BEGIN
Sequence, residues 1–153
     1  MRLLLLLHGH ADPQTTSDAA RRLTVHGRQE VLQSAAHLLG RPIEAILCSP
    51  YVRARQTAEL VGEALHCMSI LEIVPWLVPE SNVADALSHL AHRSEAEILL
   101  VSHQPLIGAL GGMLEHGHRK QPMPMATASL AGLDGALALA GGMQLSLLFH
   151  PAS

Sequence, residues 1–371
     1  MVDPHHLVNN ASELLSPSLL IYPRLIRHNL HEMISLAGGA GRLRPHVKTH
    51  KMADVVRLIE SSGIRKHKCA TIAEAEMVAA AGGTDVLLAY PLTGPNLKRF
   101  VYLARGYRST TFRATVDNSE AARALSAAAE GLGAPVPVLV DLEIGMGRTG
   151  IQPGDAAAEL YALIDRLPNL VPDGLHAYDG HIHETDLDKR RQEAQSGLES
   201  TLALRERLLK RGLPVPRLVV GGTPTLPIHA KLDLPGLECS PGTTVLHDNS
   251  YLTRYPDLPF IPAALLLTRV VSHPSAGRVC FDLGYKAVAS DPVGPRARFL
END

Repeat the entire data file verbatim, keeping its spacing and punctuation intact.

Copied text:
Sequence, residues 1–153
     1  MRLLLLLHGH ADPQTTSDAA RRLTVHGRQE VLQSAAHLLG RPIEAILCSP
    51  YVRARQTAEL VGEALHCMSI LEIVPWLVPE SNVADALSHL AHRSEAEILL
   101  VSHQPLIGAL GGMLEHGHRK QPMPMATASL AGLDGALALA GGMQLSLLFH
   151  PAS

Sequence, residues 1–371
     1  MVDPHHLVNN ASELLSPSLL IYPRLIRHNL HEMISLAGGA GRLRPHVKTH
    51  KMADVVRLIE SSGIRKHKCA TIAEAEMVAA AGGTDVLLAY PLTGPNLKRF
   101  VYLARGYRST TFRATVDNSE AARALSAAAE GLGAPVPVLV DLEIGMGRTG
   151  IQPGDAAAEL YALIDRLPNL VPDGLHAYDG HIHETDLDKR RQEAQSGLES
   201  TLALRERLLK RGLPVPRLVV GGTPTLPIHA KLDLPGLECS PGTTVLHDNS
   251  YLTRYPDLPF IPAALLLTRV VSHPSAGRVC FDLGYKAVAS DPVGPRARFL